This is how I choose to walk. I carry the ancestors into our future through our stories and memories, through prayers and love. Each new celebration and milestone includes them, as long as we remember, and give thanks. If our friends and family could join us in weaving our dead through our lives, we will be more whole and connected. Crying is just fine, because there is so much joy around us…

 

 

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Do. No. Harm.

I was recently on a Facebook group page honoring Ina May Gaskin, the pioneer home birth midwife. A mother at the end of her fourth pregnancy wrote about having nightmares after seeing a post about a baby who died at home. This mother was looking for comfort and sympathy. She never mentioned the specific post, but I had posted my home birth story and a photo of my daughter who died of trisomy 18 after birth months ago. I wasn’t sure if my daughter’s photo was the one that gave this woman nightmares, but I got upset, as did another mother whose daughter died a week after birth. As with so many of our social media forums, this post got ugly. A birth worker admonished the bereaved mothers to “do no harm.” We could grieve, but it would be more appropriate to go someplace else. Our birth stories that ended in death had no place on a forum about birth. Our pregnancies, labors and babies are not welcome here. One woman wrote that she believed the referenced post was meant to be incendiary and had been removed, but I’m still not sure.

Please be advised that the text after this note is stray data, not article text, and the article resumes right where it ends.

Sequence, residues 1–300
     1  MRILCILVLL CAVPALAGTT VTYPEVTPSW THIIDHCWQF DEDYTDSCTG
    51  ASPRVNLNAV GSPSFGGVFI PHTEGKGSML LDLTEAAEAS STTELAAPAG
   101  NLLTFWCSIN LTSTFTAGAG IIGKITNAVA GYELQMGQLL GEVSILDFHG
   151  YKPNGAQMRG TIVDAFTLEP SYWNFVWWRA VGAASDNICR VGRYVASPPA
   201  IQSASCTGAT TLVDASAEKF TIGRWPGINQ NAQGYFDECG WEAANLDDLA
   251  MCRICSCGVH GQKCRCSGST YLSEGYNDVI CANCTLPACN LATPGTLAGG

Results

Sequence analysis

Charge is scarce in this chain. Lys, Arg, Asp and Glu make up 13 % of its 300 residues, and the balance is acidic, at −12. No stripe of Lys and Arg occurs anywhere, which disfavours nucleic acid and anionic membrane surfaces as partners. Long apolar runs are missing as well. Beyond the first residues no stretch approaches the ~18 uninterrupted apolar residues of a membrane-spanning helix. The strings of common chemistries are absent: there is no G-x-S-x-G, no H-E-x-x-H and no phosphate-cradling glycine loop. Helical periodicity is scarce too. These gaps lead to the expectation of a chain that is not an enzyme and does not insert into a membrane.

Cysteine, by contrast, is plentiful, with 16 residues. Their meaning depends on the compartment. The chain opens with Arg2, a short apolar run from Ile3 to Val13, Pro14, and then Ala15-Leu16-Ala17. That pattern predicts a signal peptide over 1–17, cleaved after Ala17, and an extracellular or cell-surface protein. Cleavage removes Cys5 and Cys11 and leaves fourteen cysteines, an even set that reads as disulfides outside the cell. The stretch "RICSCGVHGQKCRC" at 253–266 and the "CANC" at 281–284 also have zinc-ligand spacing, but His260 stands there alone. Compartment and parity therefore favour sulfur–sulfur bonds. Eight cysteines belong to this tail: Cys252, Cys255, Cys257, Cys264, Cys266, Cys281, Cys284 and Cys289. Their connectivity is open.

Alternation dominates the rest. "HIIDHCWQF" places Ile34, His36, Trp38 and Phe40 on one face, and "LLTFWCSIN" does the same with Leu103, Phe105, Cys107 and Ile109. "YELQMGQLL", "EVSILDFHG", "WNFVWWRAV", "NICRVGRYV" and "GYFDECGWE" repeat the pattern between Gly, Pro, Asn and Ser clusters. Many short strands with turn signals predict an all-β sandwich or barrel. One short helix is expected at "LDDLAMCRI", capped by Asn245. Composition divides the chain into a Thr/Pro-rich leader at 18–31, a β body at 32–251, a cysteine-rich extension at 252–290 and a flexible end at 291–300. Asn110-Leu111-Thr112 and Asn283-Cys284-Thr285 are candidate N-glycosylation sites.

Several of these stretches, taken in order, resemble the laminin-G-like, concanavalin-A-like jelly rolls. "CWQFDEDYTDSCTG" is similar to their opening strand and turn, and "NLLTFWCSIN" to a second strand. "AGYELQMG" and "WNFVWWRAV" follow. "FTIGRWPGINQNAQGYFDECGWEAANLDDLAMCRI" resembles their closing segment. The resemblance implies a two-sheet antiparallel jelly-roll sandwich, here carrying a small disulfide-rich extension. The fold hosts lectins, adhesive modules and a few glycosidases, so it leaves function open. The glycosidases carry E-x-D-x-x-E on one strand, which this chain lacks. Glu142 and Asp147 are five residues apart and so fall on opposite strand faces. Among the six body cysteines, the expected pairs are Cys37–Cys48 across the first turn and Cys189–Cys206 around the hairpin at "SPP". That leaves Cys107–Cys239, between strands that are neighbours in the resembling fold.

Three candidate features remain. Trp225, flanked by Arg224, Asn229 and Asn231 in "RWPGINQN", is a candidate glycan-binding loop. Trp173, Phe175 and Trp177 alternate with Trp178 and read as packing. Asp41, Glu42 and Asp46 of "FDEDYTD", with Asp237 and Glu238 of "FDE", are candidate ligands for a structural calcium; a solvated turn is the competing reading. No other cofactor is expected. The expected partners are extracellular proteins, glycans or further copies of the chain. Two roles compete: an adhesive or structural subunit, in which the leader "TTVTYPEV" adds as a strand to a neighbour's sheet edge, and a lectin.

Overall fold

The numbers of pregnancy and infant loss speak volumes. One in four pregnancies end in miscarriage. One million babies die each year before their first birthday in the United States. Where are bereaved mothers to go? Why is our reality not a part of our cultural discussions of new mothers? I believe that we can form strong alliances and communities where our culture becomes loving enough to celebrate our babies and their short lives. In my dreams, I am embraced in my grief, instead of ignored.